Monday, January 19, 2015

Jennifer B Thoreson

Jennifer B Thoreson is a young visual artist creating staged imagery that is both artistically stylized and meticulously crafted. Drawing inspirations from themes of faith and the intricacy of personal relationships, Jennifer is a dynamic and emotional illustrator of the human heart. With an innate ability to plumb the antique, the work is soulful; seeking the use of the forgotten or discarded, heavily symbolic, eerie and quiet.

Raised in a spiritual and conservative home in rural Texas, Jennifer grew up imaginative, curious, and experimental, and has used her upbringing in her intensely personal artwork to bring insight and awareness using heartfelt, acutely mapped personal experiences.

Jennifer is currently working in Albuquerque, New Mexico. She holds an MFA from the University of New Mexico. Alongside varied private portrait commissions, she is an international speaker and lecturer whose programs are sought after year after year by many professional public and private photographic organizations. Jennifer published her first monograph, Medic, in 2012. She has just completed her latest major body of work entitled Testament, a series of twelve images exploring love relationships and heavy burdens they sustain. Jennifer’s work has been a part of many group and solo exhibitions, and is represented by several major galleries across the country.

Artist Statement: Testament 

In my work, I revisit themes of human fragility, pain, and eventually, recovery. I am attracted to vulnerability, to peeling back a skin that reveals something precious, dark, and insistently tender. I am compelled by the moments where people are on an edge, barely laced together, befriending disaster, remembering something, or exposing something.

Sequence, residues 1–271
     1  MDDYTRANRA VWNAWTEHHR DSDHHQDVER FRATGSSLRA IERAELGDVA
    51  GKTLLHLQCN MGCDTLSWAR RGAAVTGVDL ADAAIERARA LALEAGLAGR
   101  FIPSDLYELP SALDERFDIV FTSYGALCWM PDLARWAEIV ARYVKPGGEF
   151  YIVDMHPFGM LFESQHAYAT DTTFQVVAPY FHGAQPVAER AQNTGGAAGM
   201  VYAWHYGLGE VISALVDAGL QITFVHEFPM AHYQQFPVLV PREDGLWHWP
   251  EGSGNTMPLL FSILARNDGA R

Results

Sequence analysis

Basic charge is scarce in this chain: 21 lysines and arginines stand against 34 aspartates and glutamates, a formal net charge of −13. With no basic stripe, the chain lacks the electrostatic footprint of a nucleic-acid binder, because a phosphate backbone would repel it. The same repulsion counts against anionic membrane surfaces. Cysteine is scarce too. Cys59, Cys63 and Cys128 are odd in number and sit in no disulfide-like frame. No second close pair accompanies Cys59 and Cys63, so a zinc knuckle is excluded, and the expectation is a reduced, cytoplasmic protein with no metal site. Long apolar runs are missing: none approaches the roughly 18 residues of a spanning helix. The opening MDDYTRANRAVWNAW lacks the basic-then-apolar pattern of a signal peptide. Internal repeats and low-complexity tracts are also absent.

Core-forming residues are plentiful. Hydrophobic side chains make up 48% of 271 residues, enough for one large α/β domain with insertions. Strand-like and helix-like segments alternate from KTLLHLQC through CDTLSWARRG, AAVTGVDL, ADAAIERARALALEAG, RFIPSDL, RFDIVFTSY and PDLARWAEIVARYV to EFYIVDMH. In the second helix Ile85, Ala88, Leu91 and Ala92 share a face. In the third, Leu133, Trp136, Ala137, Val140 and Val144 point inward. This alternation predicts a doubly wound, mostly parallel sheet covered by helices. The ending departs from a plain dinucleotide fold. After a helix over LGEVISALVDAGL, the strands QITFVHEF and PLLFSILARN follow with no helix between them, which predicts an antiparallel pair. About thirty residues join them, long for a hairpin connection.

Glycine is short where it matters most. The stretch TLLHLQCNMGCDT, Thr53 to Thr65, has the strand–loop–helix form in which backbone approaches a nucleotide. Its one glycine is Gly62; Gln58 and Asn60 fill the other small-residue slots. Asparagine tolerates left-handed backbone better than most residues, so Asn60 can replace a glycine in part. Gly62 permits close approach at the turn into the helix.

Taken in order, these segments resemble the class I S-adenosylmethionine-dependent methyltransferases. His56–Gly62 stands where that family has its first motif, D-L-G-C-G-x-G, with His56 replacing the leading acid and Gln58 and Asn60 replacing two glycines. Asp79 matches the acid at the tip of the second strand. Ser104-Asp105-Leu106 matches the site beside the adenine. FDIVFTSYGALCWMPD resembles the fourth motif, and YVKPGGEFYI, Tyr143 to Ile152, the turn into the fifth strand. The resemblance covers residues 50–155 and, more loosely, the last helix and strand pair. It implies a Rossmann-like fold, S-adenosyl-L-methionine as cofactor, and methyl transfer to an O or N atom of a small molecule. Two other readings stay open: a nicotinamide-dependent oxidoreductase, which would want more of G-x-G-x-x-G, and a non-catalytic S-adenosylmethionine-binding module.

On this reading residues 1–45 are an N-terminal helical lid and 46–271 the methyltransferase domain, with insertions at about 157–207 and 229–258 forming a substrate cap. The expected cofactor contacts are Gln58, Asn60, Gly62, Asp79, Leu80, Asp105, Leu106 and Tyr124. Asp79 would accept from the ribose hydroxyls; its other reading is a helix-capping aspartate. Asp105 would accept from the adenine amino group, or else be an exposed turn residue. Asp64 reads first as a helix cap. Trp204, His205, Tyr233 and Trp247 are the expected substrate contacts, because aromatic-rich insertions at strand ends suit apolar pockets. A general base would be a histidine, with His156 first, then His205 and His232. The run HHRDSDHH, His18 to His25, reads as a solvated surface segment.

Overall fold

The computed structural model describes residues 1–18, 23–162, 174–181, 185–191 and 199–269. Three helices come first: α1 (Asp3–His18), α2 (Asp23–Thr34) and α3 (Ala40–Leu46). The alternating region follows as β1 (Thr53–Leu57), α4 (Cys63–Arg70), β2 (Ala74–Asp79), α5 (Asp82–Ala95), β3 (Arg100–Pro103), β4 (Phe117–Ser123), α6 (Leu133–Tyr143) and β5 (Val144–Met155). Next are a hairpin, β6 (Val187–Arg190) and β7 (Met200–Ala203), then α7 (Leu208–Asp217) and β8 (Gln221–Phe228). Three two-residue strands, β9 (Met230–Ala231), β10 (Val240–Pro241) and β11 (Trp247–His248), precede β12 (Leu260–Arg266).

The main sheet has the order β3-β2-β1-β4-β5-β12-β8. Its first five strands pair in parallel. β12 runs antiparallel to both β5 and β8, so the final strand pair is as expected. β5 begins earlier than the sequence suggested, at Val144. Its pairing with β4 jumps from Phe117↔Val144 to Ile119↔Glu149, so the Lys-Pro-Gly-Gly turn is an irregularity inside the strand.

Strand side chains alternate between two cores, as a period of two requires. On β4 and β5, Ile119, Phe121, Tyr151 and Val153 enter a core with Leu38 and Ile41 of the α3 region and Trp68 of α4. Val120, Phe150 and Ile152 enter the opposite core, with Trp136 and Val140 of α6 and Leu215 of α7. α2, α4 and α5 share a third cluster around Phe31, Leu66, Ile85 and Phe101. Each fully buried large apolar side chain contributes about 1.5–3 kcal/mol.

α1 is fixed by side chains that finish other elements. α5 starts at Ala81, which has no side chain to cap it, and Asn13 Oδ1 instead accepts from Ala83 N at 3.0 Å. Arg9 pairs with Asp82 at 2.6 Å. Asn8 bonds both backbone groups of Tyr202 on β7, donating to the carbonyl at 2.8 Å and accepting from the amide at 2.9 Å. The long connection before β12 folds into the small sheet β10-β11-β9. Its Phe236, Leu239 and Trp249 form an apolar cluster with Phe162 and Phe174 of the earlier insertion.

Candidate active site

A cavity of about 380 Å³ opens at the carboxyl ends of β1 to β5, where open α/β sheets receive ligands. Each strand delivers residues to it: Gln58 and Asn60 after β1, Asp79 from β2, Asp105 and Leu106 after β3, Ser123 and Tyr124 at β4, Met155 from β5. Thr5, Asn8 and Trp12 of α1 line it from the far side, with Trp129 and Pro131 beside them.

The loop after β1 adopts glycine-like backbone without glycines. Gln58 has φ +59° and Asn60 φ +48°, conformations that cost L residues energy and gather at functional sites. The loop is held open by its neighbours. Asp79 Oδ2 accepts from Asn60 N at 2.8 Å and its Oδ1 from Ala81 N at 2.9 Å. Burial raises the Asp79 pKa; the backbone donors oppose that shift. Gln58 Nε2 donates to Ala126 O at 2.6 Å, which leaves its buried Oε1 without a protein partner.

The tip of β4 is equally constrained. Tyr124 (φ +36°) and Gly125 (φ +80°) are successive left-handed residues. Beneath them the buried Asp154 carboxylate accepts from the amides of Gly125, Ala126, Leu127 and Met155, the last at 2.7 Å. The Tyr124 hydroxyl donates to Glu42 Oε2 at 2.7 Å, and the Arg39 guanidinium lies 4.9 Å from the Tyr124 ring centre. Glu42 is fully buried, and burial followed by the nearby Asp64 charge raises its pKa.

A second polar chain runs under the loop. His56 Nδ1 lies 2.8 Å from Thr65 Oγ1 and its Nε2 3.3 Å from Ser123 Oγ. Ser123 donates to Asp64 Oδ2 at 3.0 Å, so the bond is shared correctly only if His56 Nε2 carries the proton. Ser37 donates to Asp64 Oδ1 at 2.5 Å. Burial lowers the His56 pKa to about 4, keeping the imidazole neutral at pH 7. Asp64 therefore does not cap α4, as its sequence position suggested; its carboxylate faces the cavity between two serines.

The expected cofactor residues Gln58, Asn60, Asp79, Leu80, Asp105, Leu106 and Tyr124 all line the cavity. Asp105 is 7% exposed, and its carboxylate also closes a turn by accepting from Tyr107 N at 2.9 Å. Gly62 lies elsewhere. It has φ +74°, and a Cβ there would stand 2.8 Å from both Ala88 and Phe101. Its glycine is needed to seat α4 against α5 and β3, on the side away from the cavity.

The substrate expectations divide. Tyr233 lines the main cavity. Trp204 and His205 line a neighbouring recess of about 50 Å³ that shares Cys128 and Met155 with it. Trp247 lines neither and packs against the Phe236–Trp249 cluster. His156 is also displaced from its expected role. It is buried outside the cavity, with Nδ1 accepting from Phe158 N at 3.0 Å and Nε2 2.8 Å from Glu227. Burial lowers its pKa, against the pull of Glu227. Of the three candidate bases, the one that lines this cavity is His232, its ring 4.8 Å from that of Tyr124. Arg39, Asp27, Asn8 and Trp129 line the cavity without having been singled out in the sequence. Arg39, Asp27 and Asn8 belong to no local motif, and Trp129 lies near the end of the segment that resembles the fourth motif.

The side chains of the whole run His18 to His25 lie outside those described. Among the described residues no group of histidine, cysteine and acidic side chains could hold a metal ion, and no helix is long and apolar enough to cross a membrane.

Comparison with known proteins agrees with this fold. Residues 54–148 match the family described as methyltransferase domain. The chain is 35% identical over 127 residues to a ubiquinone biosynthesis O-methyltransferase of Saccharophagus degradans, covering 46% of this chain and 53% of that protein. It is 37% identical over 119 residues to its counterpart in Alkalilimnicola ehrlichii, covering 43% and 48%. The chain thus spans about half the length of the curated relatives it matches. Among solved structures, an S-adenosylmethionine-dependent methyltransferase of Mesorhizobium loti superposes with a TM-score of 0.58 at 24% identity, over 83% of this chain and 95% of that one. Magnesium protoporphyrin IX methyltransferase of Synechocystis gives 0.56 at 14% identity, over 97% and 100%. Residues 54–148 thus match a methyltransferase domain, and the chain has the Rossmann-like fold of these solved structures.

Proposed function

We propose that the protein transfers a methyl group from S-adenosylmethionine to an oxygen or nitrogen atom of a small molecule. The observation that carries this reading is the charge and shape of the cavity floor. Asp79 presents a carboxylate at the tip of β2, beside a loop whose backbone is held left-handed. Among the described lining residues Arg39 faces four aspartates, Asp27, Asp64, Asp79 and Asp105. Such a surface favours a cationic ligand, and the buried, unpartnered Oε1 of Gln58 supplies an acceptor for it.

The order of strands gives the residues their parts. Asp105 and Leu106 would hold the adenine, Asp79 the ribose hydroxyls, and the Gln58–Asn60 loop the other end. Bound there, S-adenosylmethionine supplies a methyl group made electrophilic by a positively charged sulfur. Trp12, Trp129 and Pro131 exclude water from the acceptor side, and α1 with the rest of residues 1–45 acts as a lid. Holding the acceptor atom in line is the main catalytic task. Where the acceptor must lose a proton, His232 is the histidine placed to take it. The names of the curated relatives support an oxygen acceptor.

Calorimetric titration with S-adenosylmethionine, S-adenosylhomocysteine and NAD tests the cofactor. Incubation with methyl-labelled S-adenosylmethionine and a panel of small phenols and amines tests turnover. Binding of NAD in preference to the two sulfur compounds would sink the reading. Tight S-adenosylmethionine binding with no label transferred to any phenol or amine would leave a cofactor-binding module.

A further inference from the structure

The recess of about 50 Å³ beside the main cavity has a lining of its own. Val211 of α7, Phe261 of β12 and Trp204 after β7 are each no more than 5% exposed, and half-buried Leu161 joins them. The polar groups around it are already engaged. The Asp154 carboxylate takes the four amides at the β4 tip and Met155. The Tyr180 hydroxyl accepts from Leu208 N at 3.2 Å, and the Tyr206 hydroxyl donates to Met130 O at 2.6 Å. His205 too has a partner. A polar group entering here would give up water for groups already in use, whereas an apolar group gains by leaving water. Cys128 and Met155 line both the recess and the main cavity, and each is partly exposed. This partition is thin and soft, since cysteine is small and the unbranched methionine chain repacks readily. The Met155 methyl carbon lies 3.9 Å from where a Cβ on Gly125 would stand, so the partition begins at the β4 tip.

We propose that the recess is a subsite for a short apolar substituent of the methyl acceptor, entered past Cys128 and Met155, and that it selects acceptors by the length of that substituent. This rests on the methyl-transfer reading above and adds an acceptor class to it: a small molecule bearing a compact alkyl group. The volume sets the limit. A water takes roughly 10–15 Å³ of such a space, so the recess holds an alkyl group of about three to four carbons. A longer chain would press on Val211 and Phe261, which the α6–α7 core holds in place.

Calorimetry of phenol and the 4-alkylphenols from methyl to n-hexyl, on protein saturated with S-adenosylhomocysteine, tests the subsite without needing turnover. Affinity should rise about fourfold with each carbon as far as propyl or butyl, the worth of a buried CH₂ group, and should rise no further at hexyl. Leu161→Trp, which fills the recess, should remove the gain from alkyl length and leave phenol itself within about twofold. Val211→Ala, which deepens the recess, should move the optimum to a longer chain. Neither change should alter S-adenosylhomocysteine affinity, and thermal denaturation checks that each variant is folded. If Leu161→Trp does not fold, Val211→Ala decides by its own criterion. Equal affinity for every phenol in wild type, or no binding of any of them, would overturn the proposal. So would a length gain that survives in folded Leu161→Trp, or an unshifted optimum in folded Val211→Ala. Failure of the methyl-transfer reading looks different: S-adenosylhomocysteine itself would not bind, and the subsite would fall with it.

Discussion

I am curious about how relationships survive, why they dissolve, how people love one another, and how such love is expressed. In this work, I am investigating heavy burdens and how we carry them. I am interested in the spiritual labor of bearing weight, submission, futileness, and persistence.

To create the work, I rented an empty house for a year, and transformed it into a makeshift sanctuary, a freighted space for constructing the photographs. I fabricated sculptural objects for each image, using materials such as wool, linen, clay, human hair, and beeswax. The materials borrow symbolic language from the Bible, and create alter-like, fleshy masses. The house reminds me very much of my childhood home, and provides a weighted, sentimental foundation for the images. Every object used in the meticulous staging of each scene references my childhood, and a time of spiritual emergence in my life. I imagine the house as a gateway, the space just before crossing over. The people in the photographs are in the final phase of bearing weight, moments away from finally laying it down. I am seeking the moment of relief, and relishing in the moments just before it occurs.

I like to know and feel the moment where people fall apart, and saturate my work in it. I want to push at a breaking point, and hold out hope for restoration. These photographs are representations of quiet, ultra-still, delicate moments of raw humanness; the phase just after a laboring, aching fall and at the point when renewal inevitably begins.

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